During the day in Kuala Lumpur I had to take the taxi a few times, thereby learning the trick of taking rides in KL instead of being taken for one (or several).
Here it is: in most rail terminals there is a ticket booth for taxis. Tell them where you want to you, pay the fee they charge, give the receipt to the cab driver and repeat address. Simple. Alternatively, say “by the meter” – ie the ride is metered (as it should be), not a fixed price that they might suggest or you might (like me) ask.
I had to go to the Bengsam district (the nicest I found in KL, fewer high rises, more bohemian, nice looking restaurants and clubs); to get there from the station where I bought the bus tickets I asked “how much” and got answers from 35 ringgit to 15 ringgit. I took the 15 ringgit offer. When I was advised to say “by the meter” the ride back turned out to be 5 ringgit.
So now you know.
I wrapped up my last meeting in Kuala Lumpur in the early afternoon and jumped on board a bus bound for Melaka.
The bus terminal was fascinating – a true view of the real Malaysia, instead of the Petronas image. Here you see the various ethnies mixed up, because the people who take a bus to the various parts of the country must of necessity jumble up. Since the wealthy don’t travel this way, then you see where public/private money isn’t spent too.
The building has been repainted many times, and just as quickly is battered by the passing travelers and their bags. Just as in the Gulf states, elements of religion are always present, from the chapels (male and female) to the several dress styles.
The area is split into sections. Through the middle on the left side are the ticket counters for the coaches that go to most everywhere in Malaysia. Access to the coaches is through stairs that descend through the floor to the bus lanes below. These access ways run the length of the terminal
To the back of the ticket counters are stalls that sell everything from clothes to DVDs. Mixed in with them are left luggage stalls. In the spirit of true enterprise, each of these stalls employs a guy who recommends to every traveler that, even for a short period and a modest fee, it is infinitely preferable to deposit your bag with them rather than wander around the terminal overloaded. I was so proposed many times. Almost agreed too, but for the fact I was trying to jump on an earlier bus.
To the right are all the food stalls, offering fast local food at reasonable prices (for me at least). Not many people eating though. Running the length of the terminal’s frontage are all the other stalls – soft drinks, snacks, fruit, tobacco, etc.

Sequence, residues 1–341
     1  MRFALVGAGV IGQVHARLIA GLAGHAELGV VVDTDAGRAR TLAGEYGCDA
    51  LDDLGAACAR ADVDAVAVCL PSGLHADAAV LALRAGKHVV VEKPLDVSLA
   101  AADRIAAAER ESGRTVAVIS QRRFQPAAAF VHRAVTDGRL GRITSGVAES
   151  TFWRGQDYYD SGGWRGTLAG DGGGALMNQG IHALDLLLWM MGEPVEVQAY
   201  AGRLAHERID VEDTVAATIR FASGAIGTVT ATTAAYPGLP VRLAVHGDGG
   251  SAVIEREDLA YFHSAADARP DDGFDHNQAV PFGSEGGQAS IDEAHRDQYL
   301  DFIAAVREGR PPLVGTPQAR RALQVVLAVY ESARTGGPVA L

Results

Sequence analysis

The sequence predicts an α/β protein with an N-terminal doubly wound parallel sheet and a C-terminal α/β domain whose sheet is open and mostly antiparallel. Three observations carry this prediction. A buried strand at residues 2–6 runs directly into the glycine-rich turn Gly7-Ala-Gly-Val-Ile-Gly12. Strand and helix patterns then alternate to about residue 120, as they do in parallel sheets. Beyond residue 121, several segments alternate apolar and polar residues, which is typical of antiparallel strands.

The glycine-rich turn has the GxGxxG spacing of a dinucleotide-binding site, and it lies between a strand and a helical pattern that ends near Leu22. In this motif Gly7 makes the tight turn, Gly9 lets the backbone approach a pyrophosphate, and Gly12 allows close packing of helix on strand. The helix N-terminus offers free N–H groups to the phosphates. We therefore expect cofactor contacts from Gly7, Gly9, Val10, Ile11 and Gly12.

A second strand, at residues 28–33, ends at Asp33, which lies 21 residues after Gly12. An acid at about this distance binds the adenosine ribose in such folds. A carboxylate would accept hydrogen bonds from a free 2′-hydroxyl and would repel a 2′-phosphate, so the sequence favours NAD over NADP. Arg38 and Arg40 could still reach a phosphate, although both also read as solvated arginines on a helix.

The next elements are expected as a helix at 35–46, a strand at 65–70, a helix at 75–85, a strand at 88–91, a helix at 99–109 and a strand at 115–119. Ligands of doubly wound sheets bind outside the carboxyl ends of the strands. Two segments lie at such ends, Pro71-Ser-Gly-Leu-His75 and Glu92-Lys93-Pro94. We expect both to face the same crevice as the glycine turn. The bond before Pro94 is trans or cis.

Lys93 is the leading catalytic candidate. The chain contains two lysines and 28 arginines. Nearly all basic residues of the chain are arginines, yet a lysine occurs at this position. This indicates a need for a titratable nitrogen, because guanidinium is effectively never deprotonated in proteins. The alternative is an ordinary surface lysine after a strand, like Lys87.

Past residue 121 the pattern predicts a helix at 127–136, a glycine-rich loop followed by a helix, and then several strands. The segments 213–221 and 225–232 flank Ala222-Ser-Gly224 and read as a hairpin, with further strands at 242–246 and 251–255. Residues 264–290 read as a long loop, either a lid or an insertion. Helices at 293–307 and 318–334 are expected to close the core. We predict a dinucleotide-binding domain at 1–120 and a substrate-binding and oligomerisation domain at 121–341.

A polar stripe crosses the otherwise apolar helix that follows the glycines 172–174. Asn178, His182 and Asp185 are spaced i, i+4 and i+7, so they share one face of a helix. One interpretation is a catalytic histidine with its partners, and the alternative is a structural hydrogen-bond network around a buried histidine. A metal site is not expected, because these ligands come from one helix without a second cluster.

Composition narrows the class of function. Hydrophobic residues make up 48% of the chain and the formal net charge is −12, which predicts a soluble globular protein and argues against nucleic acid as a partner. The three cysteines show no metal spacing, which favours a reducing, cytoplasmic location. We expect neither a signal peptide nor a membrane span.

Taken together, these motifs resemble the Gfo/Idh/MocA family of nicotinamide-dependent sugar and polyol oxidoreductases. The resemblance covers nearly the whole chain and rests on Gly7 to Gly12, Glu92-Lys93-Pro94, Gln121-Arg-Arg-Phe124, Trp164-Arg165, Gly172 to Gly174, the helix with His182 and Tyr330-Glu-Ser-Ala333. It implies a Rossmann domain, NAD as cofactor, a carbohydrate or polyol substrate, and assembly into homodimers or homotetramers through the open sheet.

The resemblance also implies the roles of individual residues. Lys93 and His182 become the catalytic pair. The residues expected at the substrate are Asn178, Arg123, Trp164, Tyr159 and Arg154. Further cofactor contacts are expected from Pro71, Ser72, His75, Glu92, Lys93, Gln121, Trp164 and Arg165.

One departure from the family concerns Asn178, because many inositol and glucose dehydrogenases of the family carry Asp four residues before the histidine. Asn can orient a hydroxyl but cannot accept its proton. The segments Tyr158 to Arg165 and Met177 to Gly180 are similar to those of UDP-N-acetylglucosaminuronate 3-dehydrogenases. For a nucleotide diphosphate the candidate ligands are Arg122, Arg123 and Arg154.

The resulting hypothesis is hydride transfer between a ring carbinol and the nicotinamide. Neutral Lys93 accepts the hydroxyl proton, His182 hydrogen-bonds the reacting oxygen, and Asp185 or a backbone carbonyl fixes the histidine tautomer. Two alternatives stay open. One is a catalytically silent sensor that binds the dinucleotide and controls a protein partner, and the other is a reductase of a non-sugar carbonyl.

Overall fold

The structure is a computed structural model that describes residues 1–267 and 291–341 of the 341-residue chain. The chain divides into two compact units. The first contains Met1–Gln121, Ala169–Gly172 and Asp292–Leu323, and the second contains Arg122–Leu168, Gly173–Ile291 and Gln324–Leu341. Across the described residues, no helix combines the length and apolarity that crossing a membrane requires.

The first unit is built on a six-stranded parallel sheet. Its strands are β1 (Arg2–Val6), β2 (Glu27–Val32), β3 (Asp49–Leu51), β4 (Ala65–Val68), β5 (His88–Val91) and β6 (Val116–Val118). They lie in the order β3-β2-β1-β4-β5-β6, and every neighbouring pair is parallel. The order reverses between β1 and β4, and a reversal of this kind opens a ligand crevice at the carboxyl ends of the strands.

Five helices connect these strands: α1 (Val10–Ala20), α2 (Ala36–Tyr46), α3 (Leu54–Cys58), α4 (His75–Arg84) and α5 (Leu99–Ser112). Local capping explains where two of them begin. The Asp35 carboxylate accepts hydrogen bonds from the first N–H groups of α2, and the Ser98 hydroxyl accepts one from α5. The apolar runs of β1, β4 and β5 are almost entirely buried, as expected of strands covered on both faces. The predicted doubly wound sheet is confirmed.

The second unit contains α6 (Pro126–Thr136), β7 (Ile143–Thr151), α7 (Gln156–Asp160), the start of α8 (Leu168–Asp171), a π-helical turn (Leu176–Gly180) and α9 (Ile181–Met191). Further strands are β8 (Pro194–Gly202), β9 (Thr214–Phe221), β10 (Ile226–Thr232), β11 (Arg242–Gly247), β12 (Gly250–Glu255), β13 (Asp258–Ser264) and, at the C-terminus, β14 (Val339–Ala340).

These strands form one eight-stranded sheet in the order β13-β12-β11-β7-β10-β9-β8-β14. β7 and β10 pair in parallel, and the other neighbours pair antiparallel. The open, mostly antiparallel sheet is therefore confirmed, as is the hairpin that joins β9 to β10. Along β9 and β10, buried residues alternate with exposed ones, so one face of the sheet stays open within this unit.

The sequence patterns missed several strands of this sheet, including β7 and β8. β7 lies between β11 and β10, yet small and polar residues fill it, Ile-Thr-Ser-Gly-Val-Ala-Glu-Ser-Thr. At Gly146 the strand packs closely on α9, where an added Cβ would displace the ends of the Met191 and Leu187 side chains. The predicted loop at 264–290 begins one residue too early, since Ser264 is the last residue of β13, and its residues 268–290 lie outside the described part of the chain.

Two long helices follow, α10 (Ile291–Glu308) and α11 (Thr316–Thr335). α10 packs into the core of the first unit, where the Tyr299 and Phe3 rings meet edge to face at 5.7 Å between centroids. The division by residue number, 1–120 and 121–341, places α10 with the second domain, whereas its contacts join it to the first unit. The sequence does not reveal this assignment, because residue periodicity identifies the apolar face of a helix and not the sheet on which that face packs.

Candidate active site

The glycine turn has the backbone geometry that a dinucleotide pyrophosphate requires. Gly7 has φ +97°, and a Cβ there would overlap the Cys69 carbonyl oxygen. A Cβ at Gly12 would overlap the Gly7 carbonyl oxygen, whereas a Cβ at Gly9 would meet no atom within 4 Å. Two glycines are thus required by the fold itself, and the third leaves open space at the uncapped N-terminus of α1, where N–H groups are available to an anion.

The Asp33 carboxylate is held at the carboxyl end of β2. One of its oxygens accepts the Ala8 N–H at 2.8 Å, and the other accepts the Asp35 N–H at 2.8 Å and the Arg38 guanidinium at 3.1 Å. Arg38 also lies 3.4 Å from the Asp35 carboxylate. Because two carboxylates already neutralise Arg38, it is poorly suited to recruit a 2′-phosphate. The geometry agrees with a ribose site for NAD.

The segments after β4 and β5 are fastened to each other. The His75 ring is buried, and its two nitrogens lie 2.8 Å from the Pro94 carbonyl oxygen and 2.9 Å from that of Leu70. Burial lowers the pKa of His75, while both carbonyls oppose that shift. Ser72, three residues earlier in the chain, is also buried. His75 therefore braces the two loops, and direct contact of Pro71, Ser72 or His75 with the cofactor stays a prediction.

And amongst it, all the noise, shouts, cries and murmurs of a station you would expect find anywhere else in the world (well, except Budapest, which is deathly quiet).
I managed to jump aboard an earlier coach. Fearing that the air conditioning would be as bad as the train (indeed so was I told), I came prepared with heavier shirt and sarong to hand. Fortunately it wasn’t so bad.
The trip out of KL was totally uneventful, the voyage taking about two and a half hours. The road to Melaka is a six-lane freeway of German style and standard. The roadsides are sculpted, edged and planted with thin trunked, large leaved trees. Haven’t a clue what they are. Either side, through the hills and plains, nothing but palm trees, just like I saw on the trip up from Singapore. I’m told these are plantations for palm oil, which would make sense. They appear to be planted in groves. Access to them, if difficult sometimes, is certainly possible. Below some trunks I saw what looks like white plastic containers. What they hold, I don’t know. Many of the palm trunks are wrapped in a furry coat of ferns, whose seeds must have germinated in the rough bark of the tree itself.
Through a toll plaza, in the darkening light the outskirts of Melaka begin to appear: modern, spacious, well lit and somewhere that could easily be a town in California or the Carolinas.
The coach pulled into a section of an absolutely massive shopping mall that evidently doubles as the main bus terminal for the city. Not a bad idea, that. From there jumped into a cab to take me to the hotel I had booked earlier, which is in the old part of town.
I am in Melaka, the old and legendary city of Malacca, once capital of the spice trade and imagined by the early European explorers to be a city of gold.
Let’s see what’s here …